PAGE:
Britain the ‘main conflict protagonist’ in the Troubles
Sinn Féin said Britain has always sought to ‘conceal and deny’ its role in the Troubles
Michelle O’Neill and Mary Lou McDonald of Sinn Féin. Photograph : Niall Carson/PA Wire
Sinn Féin has described the British government as the “main conflict protagonist” during the Troubles.
Sinn Féin in its 30-page submission to the British government’s consultation on how to address the legacy of the Troubles said the British state has “always sought to conceal, deny and cover up its central role in the Irish conflict”.
“Fulfilling legacy obligations will require a step change in the British governments approach to engaging with the past. To date the British government’s approach has been to deny and cover up its own role and culpability as the main conflict protagonist,” it stated in its paper published on Wednesday.
Justifying the claim Sinn Féin referred to a number of issues including alleged British collusion with loyalist paramilitaries, Bloody Sunday, the alleged RUC “shoot-to-kill” operations in north Armagh in the 1980s, the UDA murder of Belfast solicitor Pat Finucane and the “sabotage” and “suppression” of investigations into collusion allegations.
The Irish Times put it to Sinn Féin Deputy Leader Michelle O’Neill that the contention that the British government was the main protagonist hardly stood up when the IRA was responsible for some half of the killings of the Troubles, about 1,800 killings.
It was also put to her that during the Troubles the IRA fought a campaign under the slogan “Brits out” and that its policy, as described by its opponent during that time, was to try to “bomb a million unionists into a united Ireland”.
Ms O’Neill said Sinn Féin could stand over the entire document. “It’s a piece of work that has been brought about with extensive engagement,” she said, before asking Sinn Féin North Belfast Assembly member and former IRA prisoner Gerry Kelly to more fully address the question.
Mr Kelly said it was not true that there was an attempt to bomb a million people into a united Ireland. He said “propaganda” was being applied in the question.
He said the IRA reference to “Brits Out” during the Troubles was getting the British army out of Northern Ireland.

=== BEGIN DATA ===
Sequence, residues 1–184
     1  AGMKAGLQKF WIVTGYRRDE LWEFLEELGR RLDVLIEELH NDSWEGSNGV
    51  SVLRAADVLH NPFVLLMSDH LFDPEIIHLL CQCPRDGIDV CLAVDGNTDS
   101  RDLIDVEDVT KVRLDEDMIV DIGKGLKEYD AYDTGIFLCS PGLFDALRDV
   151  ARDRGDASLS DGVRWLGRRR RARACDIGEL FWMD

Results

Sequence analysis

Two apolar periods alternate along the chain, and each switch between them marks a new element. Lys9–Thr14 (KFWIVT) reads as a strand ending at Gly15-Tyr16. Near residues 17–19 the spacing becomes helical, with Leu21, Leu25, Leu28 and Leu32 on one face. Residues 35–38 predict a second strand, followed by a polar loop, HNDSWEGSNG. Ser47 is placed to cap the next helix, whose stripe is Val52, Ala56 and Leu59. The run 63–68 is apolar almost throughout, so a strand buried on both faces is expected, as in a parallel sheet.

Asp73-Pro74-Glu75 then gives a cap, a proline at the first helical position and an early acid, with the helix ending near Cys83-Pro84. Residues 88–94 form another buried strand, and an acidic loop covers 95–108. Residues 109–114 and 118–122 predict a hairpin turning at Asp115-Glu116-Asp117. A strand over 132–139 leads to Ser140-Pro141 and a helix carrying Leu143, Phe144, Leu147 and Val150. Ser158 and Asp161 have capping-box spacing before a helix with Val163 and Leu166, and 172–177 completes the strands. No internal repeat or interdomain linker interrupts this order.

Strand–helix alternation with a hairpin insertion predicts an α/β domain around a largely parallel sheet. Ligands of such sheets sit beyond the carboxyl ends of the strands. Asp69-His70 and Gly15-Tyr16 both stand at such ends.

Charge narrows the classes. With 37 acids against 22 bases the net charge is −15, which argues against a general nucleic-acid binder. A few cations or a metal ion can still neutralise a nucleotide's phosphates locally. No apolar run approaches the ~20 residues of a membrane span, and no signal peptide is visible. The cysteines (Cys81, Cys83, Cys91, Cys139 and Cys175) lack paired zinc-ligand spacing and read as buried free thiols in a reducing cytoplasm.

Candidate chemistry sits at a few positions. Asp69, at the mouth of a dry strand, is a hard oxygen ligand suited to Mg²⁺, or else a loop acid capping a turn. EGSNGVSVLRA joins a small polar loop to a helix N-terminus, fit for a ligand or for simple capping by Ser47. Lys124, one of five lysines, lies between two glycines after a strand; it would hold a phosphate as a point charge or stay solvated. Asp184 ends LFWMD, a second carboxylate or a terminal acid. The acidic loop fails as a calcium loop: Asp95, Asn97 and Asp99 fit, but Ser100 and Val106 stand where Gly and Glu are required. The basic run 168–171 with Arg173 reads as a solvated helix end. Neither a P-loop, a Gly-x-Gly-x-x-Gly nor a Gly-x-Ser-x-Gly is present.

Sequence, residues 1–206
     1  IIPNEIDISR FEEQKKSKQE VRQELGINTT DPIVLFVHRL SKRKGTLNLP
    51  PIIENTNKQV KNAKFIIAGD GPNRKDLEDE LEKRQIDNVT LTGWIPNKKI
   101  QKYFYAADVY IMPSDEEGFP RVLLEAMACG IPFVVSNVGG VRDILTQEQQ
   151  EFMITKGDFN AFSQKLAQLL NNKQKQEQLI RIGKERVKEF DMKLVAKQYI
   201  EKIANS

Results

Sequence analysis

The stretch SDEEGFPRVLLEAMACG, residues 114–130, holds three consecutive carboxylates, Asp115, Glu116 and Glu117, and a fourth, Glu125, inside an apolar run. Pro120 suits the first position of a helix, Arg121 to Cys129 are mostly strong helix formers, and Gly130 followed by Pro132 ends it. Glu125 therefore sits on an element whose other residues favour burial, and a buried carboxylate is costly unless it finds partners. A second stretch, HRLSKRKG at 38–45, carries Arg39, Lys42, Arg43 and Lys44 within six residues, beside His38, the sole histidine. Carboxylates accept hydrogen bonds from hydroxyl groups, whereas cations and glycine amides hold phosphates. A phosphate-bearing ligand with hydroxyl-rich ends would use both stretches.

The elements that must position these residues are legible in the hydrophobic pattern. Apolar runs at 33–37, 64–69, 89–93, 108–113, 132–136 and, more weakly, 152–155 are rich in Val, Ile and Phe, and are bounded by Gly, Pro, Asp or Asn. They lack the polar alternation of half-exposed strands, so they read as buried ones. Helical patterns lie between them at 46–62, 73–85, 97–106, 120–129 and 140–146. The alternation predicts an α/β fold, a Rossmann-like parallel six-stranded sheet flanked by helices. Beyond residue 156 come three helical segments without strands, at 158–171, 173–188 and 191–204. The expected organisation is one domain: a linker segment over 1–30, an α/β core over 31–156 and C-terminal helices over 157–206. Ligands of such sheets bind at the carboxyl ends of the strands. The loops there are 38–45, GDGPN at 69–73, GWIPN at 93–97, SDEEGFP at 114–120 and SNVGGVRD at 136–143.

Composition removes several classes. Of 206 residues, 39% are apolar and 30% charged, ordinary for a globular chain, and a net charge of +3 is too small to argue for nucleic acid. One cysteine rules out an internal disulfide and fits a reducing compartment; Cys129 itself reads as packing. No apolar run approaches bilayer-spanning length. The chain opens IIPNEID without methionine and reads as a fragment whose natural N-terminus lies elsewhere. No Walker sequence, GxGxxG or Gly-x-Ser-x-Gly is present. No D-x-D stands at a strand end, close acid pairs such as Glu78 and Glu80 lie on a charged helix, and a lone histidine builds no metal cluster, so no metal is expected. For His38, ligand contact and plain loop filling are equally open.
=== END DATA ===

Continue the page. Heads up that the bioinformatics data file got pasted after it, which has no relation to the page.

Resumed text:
Mr Kelly said the British government had 31,000 troops in Northern Ireland at one stage. “They were set against republicanism and nationalism. There was a conflict on. Nationalists fought that conflict as other combatant forces did,” he said.
“What we have now is a political way forward. That is what all of the negotiations are about. That is what we are doing today, and that is what we will continue to do,” added Mr Kelly.
When further pressed on how Sinn Féin could stand over describing the British government as the main conflict protagonist he replied, “They were the main protagonists. They are a government. They had 31,000 troops here, they had a standing army of some 150,000. So it is not unreasonable to say that they were the main protagonist,” he said.
Mr Kelly added that the statement was further justified when the “suffering within nationalism” was considered and when you went further back into history to consider “partition and all that”.
When asked about the casualties caused by the IRA Ms O’Neill interjected to say people “could spend all day getting into the conversation you want to have” or they could engage in building bridges and healing the wounds of the past.
“That is what we are about,” she added. “This is about trying to move this forward, about trying to give families access to mechanisms that they have been demanding time and time again.”
“When we look at the conflict there are very many different narratives of the past,” she continued. “The first step in reconciliation and moving forward is actually recognising that to be the fact. So, we stand over the words in this document, we stand over the proposals in this document.
“We have taken this work seriously and gone through it with a fine tooth comb with victims, not just nationalists and republicans but right across the whole spectrum because that is the way to move society forward.
“I choose to try and build a better future. I choose to recognise the problems of the past but I choose to try and help heal the wounds and actually bring us into a much better space that allows all victims to have some sort of closure.”
Ms O’Neill said she did not accept that the statement that the British were the “main conflict protagonist” would anger or make some people uneasy. “There are different narratives of the past but there are some things that are for certain. And I think that what we need to do is to try to take it out of the language of division, to try and bring us into the space where we actually recognise that; that we all maybe do have a different take - and we all do have a different take on the past.”
“We should not be creating a space today where people are fighting the battles of the past. We should not be allowing the young people of today to be drawn into the Orange and Green constantly.”
Said Ms O’Neill, “I am determined to hold the British government to account in terms of their role as protagonists to make sure they do everything they can also to bring us into this new era where we are at. We need to bring closure to those people that are seeking closure,” she said.